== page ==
The Court also notes that in the present case it was not alleged that the publication in issue had a measurable effect on the sale of microwave ovens or caused actual damage to the members of the MHEA. In applying the UCA, the Commercial Court of the Canton of Berne and the Federal Court merely found that it was plausible that there had been such an effect. The Commercial Court in particular confined itself to holding: "... In each case ... it must be ascertained whether the behaviour of the person concerned affects the relations between competitors or between suppliers and customers... Even if there is no certain proof of a connection between the drop in turnover in respect of microwave ovens and the [defendant's] behaviour, it is clear that the statements and publications complained of in the instant case are apt to diminish sales of microwave ovens and, consequently, to harm the businesses associated with the plaintiff. The objective aptitude to affect competition is therefore established." It will be seen from the foregoing that Mr Hertel played no part in the choice of the illustration for issue no. 19 of the Journal Franz Weber, that those statements that were definitely attributable to him were on the whole qualified and that there is nothing to suggest that they had any substantial impact on the interests of the members of the MHEA. In spite of all that, the Swiss courts prohibited the applicant from stating that food prepared in microwave ovens was a danger to health and led to changes in the blood of those consuming it that indicated a pathological disorder and presented a pattern that could be seen as the beginning of a carcinogenic process, and from using the image of death in association with microwave ovens. The Court cannot help but note a disparity between that measure and the behaviour it was intended to rectify. That disparity creates an impression of imbalance that is materialised by the scope of the injunction in question. In that regard, although it is true that the injunction applies only to specific statements, it nonetheless remains the case that those statements related to the very substance of the applicant's views. The effect of the injunction was thus partly to censor the applicant's work and substantially to reduce his ability to put forward in public views which have their place in a public debate whose existence cannot be denied. It matters little that his opinion is a minority one and may appear to be devoid of merit since, in a sphere in which it is unlikely that any certainty exists, it would be particularly unreasonable to restrict freedom of expression only to generally accepted ideas. The fact that the Swiss courts expressly reserved Mr Hertel's freedom to pursue his research does not in any way alter that finding. As to presenting the results outside the "economic sphere", it is not transparently obvious from the courts' decisions that he was given such a possibility; it may be that the wide scope of the UCA would prevent those reservations being seen as providing a significant reduction in the extent of the interference in question.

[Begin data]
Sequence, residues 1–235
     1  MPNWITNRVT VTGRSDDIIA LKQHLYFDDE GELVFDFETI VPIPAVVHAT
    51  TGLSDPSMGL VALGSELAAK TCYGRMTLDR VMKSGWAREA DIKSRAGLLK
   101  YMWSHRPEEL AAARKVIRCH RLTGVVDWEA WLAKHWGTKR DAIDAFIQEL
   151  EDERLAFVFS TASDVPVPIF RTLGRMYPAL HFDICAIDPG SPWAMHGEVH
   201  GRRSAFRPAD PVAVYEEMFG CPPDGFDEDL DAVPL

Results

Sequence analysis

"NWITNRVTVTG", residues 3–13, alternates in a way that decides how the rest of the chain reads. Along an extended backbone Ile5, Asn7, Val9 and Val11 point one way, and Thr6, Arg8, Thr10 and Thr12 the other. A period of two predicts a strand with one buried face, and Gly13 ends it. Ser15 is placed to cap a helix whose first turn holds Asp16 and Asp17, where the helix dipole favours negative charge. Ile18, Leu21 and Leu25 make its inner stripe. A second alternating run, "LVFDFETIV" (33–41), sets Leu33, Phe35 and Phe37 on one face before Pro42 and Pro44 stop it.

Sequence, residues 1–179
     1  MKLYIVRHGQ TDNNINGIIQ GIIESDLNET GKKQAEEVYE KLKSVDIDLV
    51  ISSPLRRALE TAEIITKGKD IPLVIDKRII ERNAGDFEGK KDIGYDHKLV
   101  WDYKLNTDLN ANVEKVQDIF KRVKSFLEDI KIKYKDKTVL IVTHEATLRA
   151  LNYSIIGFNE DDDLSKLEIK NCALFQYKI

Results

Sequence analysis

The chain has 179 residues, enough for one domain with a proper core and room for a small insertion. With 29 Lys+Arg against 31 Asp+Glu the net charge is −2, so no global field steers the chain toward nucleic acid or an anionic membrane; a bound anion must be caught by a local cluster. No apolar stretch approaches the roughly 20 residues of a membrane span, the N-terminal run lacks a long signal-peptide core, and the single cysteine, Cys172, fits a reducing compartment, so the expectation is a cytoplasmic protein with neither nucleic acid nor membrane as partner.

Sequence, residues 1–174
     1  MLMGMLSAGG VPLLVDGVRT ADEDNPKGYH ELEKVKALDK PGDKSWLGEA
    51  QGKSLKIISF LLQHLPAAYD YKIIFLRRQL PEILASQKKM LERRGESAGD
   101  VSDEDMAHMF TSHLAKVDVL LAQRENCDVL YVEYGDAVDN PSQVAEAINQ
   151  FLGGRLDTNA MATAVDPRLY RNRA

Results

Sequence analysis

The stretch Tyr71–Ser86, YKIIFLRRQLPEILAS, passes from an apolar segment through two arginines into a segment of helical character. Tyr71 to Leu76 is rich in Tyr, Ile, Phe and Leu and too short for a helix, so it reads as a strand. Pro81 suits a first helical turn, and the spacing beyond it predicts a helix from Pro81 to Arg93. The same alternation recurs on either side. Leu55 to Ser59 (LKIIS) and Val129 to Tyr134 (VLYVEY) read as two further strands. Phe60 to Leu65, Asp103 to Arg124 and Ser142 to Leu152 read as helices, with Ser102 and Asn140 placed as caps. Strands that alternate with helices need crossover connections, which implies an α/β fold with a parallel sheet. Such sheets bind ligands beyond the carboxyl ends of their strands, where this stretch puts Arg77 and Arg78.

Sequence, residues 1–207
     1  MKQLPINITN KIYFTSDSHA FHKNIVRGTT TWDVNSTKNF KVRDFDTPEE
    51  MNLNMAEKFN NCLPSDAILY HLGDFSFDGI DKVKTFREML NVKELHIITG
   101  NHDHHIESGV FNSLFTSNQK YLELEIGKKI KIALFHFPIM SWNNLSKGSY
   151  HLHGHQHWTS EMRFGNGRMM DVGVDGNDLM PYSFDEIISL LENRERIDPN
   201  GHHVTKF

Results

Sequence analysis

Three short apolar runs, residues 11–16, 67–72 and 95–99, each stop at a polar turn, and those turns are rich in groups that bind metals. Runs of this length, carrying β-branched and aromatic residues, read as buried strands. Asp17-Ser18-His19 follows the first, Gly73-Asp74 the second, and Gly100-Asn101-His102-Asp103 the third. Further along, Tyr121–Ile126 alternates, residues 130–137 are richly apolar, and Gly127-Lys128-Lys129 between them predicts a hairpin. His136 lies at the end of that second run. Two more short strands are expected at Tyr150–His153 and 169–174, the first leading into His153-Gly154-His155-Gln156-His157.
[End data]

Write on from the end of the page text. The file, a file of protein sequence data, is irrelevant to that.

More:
Furthermore, if the applicant fails to comply with the injunction he runs the risk of a penalty, which could include imprisonment. In the light of the foregoing, the measure in issue cannot be considered as "necessary" "in a democratic society". Consequently, there has been a violation of Article 10. Having regard to its finding of a violation of Article 10, the Court, like the Commission, considers that no separate question arises under Article 6 § 1 or Article 8. The Court further holds that the respondent Government had to pay under Article 50 the costs and expenses made by the applicant.
|Last Modified: 26-02-2013 10:24:53 (Documentation SIM)